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A Linux-kernel memory model!

A big “thank you” to all my partners in LKMM crime, most especially to Jade, Luc, Andrea, and Alan! Jade presented our paper (slides, supplementary material) at ASPLOS, which was well-received. A number of people asked how they could learn more about LKMM, which is what much of this blog post is about.

Approaches to learning LKMM include:

  1. Read the documentation, starting with explanation.txt. This documentation replaces most of the older LWN series.
  2. Go through Ted Cooper's coursework for Portland State University's CS510 Advanced Topics in Concurrency class, taught by Jon Walpole.
  3. Those interested in the history of LKMM might wish to look at my 2017 linux.conf.au presentation (video).
  4. Play with the actual model.
The first three options are straightforward, but playing with the model requires some installation. However, playing with the model is probably key to gaining a full understanding of LKMM, so this installation step is well worth the effort.

Installation instructions may be found here (see the “REQUIREMENTS” section). The ocaml language is a prerequisite, which is fortunately included in many Linux distros. If you choose to install ocaml from source (for example, because you need a more recent version), do yourself a favor and read the instructions completely before starting the build process! Otherwise, you will find yourself learning of the convenient one-step build process only after carrying out the laborious five-step process, which can be a bit frustrating.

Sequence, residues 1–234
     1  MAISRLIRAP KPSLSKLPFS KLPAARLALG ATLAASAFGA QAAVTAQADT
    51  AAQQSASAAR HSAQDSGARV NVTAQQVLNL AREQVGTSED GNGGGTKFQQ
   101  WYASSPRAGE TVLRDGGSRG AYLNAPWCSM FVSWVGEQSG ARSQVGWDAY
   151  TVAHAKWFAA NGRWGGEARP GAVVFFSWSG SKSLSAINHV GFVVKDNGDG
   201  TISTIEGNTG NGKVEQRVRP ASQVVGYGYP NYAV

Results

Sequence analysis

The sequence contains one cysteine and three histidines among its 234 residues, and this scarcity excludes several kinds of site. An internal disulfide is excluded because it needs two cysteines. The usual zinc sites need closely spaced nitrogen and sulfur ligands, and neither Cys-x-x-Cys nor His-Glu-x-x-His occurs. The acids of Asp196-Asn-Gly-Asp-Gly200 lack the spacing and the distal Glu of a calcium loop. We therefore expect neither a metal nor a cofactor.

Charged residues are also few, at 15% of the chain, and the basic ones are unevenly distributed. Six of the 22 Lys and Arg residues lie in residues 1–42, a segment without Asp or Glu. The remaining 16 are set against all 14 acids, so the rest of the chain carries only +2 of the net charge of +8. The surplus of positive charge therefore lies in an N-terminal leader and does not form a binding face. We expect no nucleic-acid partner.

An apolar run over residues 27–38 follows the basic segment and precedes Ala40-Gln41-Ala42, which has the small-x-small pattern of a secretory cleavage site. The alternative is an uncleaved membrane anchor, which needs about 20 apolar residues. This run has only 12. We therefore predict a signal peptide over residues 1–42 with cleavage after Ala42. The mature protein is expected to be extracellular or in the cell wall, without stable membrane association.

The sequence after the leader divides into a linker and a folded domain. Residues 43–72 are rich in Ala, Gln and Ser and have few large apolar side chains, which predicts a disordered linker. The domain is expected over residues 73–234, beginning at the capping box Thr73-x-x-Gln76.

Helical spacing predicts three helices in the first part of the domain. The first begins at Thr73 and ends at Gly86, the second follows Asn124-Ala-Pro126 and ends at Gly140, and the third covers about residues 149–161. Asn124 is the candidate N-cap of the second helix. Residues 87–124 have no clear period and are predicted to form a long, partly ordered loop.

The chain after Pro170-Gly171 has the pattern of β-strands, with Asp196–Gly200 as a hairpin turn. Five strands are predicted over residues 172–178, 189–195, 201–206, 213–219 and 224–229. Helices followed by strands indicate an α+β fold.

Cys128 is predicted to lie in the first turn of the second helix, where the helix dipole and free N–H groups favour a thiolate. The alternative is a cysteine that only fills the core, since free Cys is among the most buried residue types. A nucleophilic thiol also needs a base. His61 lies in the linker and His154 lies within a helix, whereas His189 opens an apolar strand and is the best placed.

Of course, if you come across better methods to quickly, easily, and thoroughly learn LKMM, please do not keep them a secret!

Those wanting a few rules of thumb safely approximating LKMM should look at slide 96 (PDF page 78) of the aforementioned linux.conf.au presentation. Please note that material earlier in the presentation is required to make sense of the three rules of thumb.

We also got some excellent questions during Jade's ASPLOS talk, mainly from the renowned and irrepressible Sarita Adve:

  • Question: How do we know that the model is correct?
    Answer: We verified the model socially and experimentally. [ Ed. note: See Section 1 and Table 5 of the paper and the “Detailed hardware results” from the supplementary materials. ]
  • Question: What is the intuition behind the model?
    Answer: There are a number of axioms, for example, the RCU axiom, that correspond to various intuitions. Additional axioms correspond to the load buffering and store buffering intuitions.
  • Question: How did you decide what to provide? For example, what about one of Paul's favorite primitives, sequence locking?
    Answer: The paper shows memory barrier, loads and stores, acquire and release, and read-modify-write atomic operations. We have since added locking, which in combination with some of the other operations allows sequence locking to be easily implemented within litmus tests. [ Ed. note: Not sure that sequence locking makes my list of favorites, but we do have a pair of sequence-locking litmus tests in preparation. ]
There were of course a great many other excellent presentations at ASPLOS, but that is a topic for another post!